Attachment (2)

< Message edited by Capt. Harlock -- 10/6/2018 4:18:04 AM >


_____________________________

Civil war? What does that mean? Is there any foreign war? Isn't every war fought between men, between brothers?

--Victor Hugo

(in reply to Capt. Harlock)
Post #: 176
RE: Centennial of the End of the Great War - 10/7/2018 3:31:35 AM   
Capt. Harlock


Posts: 5220
Joined: 9/15/2001
From: Los Angeles
Status: offline
7 October 1918

Poland had been erased from the map as a nation in 1795, its territory divided between Prussia, Austria, and Russia. The Germans had seen fit to establish the “Kingdom of Poland” as a puppet state in November of 1916. However, Germany and Austria had never been able to agree on who should actually be king. Now, the great majority of German troops were tied up in the Western Front, and the Austrians were equally distracted on the Italian and Bulgarian fronts. On this date in Warsaw, the Regency Council dissolved the Council of State and declared its intention to create a truly independent Polish state. Nearly all of the fledgling Polish political parties agreed except for the “Social Democratic Party of the Kingdom of Poland and Lithuania”, which appears to have been heavily influenced by the Russian communists.


In the Ardennes, an American private named Lowell Hollingshead had been captured from the “Lost battalion”. There was a German officer who had sent several years in the U. S., and had a fair command of English. He sent Private Hollingshead back with a note requesting the American commander to surrender, “as it would be quite useless to resist any more, in view of the present conditions. The suffering of your wounded men can be heard over here in the German lines, and we are appealing to your humane sentiments to stop. A white flag shown by one of your men will tell us that you agree with these conditions.”

Major Whittlesey decided that no response was necessary, except that he ordered the white cloth panels on the ground supposed to mark the spot for the Allies to air-drop supplies taken up, lest they be mistaken for white flags. It was just as well: the Germans had instantly realized what they meant and put out larger white panels of their own. All or nearly all of the rations and ammunition that the Allied aircraft attempted to deliver went into enemy hands.

Though he probably did not know it, Whittlesey's refusal was correct. A messenger had finally gotten through to the American forces attempting to rescue the Lost Battalion, and now they knew the route to take:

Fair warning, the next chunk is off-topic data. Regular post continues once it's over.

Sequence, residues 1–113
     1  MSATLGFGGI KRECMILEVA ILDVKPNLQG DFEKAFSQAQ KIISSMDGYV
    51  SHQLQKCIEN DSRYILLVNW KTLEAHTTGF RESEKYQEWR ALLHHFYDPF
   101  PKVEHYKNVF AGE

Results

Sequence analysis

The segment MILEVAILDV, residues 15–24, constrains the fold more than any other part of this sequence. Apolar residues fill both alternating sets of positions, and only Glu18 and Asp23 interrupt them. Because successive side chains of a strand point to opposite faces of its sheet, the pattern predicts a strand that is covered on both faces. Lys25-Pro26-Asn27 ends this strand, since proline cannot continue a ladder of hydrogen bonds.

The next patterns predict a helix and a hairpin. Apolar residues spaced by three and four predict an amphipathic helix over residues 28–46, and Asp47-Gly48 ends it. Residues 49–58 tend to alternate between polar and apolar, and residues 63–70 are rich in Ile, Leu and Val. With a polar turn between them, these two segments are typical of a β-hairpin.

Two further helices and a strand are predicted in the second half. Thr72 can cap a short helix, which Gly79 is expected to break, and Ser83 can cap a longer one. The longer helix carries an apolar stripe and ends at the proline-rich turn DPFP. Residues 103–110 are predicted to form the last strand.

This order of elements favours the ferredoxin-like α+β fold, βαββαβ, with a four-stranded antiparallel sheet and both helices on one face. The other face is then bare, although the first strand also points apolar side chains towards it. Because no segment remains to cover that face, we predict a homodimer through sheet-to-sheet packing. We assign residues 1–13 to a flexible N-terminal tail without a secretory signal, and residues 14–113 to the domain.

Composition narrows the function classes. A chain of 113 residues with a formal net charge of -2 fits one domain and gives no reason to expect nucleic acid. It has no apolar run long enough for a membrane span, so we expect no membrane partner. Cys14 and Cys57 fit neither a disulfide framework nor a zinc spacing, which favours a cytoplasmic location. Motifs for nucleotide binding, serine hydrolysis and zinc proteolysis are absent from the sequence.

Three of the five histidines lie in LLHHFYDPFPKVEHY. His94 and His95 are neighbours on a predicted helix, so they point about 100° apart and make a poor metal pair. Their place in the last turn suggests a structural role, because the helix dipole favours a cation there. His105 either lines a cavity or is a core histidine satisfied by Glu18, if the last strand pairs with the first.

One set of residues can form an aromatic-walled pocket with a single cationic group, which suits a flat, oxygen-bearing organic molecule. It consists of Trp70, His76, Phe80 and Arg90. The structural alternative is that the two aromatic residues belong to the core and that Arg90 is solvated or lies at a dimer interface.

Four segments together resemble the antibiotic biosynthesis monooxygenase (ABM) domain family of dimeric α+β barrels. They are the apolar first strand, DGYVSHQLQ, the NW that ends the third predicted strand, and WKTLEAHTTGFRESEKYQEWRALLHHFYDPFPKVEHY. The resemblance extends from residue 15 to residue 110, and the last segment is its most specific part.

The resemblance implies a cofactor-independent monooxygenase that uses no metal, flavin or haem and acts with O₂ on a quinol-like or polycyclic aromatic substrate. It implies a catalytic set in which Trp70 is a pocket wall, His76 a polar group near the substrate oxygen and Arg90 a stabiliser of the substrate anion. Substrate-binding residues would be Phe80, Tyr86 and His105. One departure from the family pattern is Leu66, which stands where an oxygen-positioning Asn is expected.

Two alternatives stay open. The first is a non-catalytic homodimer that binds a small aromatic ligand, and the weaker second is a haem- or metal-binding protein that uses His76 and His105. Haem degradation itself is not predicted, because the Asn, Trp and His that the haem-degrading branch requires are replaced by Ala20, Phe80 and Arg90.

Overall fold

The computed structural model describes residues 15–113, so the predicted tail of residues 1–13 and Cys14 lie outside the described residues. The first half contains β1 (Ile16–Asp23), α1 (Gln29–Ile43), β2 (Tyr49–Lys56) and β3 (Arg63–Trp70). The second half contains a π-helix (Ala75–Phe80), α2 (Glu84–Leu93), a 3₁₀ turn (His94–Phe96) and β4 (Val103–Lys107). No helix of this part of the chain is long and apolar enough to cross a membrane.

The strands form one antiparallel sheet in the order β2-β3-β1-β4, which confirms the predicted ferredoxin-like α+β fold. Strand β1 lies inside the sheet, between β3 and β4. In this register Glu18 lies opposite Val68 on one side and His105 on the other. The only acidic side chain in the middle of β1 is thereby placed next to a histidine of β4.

For five days and nights Major Whittlesey and Captain McMurtry had been sending out messengers in the attempt to get information back to the balance of the 77th Division. Every messenger sent back was either captured or killed by the Germans. Major Whittlesey called for volunteers and I was chosen.
I started at sun-up on a gray, gloomy day already weak from lack of food and already convinced that death would be the only outcome. I didn't care. After five days of being fired at, hope was gone, and all I wanted was peace. Yet there must have been a spark of hope that kept me going.
My worst experience of the day came early in the morning. I was lying just behind the German lines concealed beneath some bushes when a German officer walked by and accidentally stepped on my fingers. I managed to stay quiet, but it took a great deal of effort. It was several hours before I could leave my place of concealment.
All day I was under heavy fire. Every minute I thought they would get me, I expected death, but I thought of it only as a physical thing, nothing more. I thought of nothing but the necessity of getting that message through. Home, friends, memories, those things one thinks of in less dangerous places were all forgotten. I was kept busy retracing my route and making detours in the effort to throw the Germans off the track.
At nightfall I stumbled into a deserted German trench. For a moment I lay quiet trying to regain some strength and to discover where I was. Then I heard American voices, and not having the password of the day began shouting, "Hello, Hello." After several minutes of this a scouting group of Americans found me and took me to headquarters where I delivered my message, giving the position and condition of the Battalion.
I was then given food and medical attention and ordered to return that night as an escort with the relief troops.

--Report by Abraham Krotoshinsky



Elsewhere, the African-American 369th Regiment was finally pulled out of the line, along with the two other regiments sent in to support it. They had taken heavy losses; 2,246 killed, wounded and missing. By this time, however, they had won the admiration of every French unit that had fought alongside them, including some of the toughest divisions in the French army.

< Message edited by Capt. Harlock -- 10/7/2018 4:03:24 AM >


_____________________________

Civil war? What does that mean? Is there any foreign war? Isn't every war fought between men, between brothers?

--Victor Hugo

(in reply to Capt. Harlock)
Post #: 177
RE: Centennial of the End of the Great War - 10/8/2018 3:49:30 AM   
Capt. Harlock


Posts: 5220
Joined: 9/15/2001
From: Los Angeles
Status: offline
8 October 1918

The First Battle of Cambrai had been the first real success of tanks, though it had backfired when the Allies had tried to push too far, and taken heavy losses from German counterattacks. Now the British began the Second Battle of Cambrai. They actually used fewer tanks than in the First Battle (324 vs. 378), but they had the relatively fresh Canadian Corps, which massively outnumbered the German defenders.

The 2nd Canadian Division entered the city of Cambrai on the first day, encountering only light resistance from the surprised 20th Landwehr and 54th Reserve divisions. Having little taste for house-to-house-fighting, they decided to leave the less glamorous and more dangerous work to the 3rd Canadian Division which was following them, while they pursued the Germans to the north and east.